Saipan Restaurant Distributes $40,000 in Back Pay to U.S. Workers Under Justice Department Settlement
WASHINGTON – The Justice Department announced today that J.E.T. Holding Co. Inc. (JET) has paid $40,000 to nine U.S. citizens pursuant to a settlement with the department. The payments, which JET distributed last week, are part of a Jan. 17, 2017, settlement that resolved claims that JET discriminated against U.S. workers in favor of temporary foreign visa workers, in violation of the Immigration and Nationality Act (INA).
In its investigation leading up to the settlement, the department found that from approximately January to June 2016, JET, which operates a restaurant in Saipan, routinely refused to hire qualified U.S. citizens and other work-authorized individuals, including lawful permanent residents, for dishwasher positions because of their citizenship status. Instead, JET preferred to fill the positions with temporary foreign visa workers, according to the department’s investigation. Under the INA, employers cannot prefer to hire temporary foreign visa workers over available and qualified U.S. workers based on citizenship status. Individuals born in Saipan are U.S. citizens and its population includes work-authorized lawful permanent residents, asylees and refugees.
After the investigation was resolved through a settlement, the department’s Civil Rights Division and the United States Attorney Office for the District of Guam collaborated to identify individuals affected by the alleged discrimination. The department determined that nine U.S. citizens were eligible to receive back pay, and the payments JET distributed to them last week exhausted the $40,000 back pay fund established under the agreement.
“We are pleased that U.S. workers received back pay to compensate them for the discrimination they faced, and that JET has worked to improve its hiring practices,” said John M. Gore, Acting Assistant Attorney General of the Civil Rights Division. “The Justice Department is committed to holding employers accountable when they place U.S. workers in a second class status.”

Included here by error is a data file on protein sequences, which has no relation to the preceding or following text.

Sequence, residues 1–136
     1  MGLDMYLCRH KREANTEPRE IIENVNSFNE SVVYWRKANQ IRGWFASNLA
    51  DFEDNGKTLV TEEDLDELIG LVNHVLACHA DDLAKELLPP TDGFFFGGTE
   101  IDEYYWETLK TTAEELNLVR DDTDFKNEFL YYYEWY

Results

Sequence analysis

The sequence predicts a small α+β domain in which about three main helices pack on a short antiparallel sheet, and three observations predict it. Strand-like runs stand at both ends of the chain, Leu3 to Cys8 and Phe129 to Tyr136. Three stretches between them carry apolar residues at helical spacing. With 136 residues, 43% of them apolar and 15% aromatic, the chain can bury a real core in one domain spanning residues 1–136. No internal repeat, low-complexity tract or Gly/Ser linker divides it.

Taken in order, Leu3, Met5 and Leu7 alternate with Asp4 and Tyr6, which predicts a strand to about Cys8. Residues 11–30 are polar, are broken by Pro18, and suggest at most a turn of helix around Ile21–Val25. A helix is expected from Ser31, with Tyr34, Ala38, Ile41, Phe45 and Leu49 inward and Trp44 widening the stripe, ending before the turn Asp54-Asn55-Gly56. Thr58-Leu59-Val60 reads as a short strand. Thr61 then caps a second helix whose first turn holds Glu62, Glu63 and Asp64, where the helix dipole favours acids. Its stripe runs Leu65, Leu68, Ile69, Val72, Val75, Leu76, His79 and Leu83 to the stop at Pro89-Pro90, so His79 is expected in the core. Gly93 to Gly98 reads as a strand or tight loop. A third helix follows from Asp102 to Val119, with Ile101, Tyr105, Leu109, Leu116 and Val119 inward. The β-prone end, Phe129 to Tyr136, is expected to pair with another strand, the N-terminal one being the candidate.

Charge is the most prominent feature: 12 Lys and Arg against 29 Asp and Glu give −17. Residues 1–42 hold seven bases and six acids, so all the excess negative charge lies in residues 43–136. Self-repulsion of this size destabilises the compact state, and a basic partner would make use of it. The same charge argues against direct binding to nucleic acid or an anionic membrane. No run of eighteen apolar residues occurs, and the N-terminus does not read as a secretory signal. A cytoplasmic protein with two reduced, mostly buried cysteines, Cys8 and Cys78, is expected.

The division’s Immigrant and Employee Rights Section (IER) is responsible for enforcing the anti-discrimination provision of the INA. The law prohibits, among other things, citizenship, immigration status and national origin discrimination in hiring, firing or recruitment or referral for a fee; unfair documentary practices in employment eligibility verification; retaliation; and intimidation.
In February 2017, IER launched its Protecting U.S. Workers Initiative, an initiative aimed at targeting, investigating, and bringing enforcement actions against companies that discriminate against U.S. workers in favor of foreign visa workers. IER filed the first suit as part of the Initiative in October against a Loveland, Colorado, company for allegedly discriminating against U.S. workers.
To learn more about the protections against employment discrimination under immigration laws, call IER’s worker hotline at 1-800-255-7688 (1-800-237-2515, TTY for hearing impaired); call IER’s employer hotline at 1-800-255-8155 (1-800-237-2515, TTY for hearing impaired); sign up for a free webinar at www.justice.gov/crt/about/osc/webinars.php; email email@example.com; or visit IER’s website at www.justice.gov/crt/about/osc.
Applicants or employees who believe they were subjected to: different documentary requirements based on their citizenship status, immigration status or national origin; or discrimination based on their citizenship status, immigration status or national origin in hiring, firing or recruitment or referral, should contact the worker hotline above for assistance.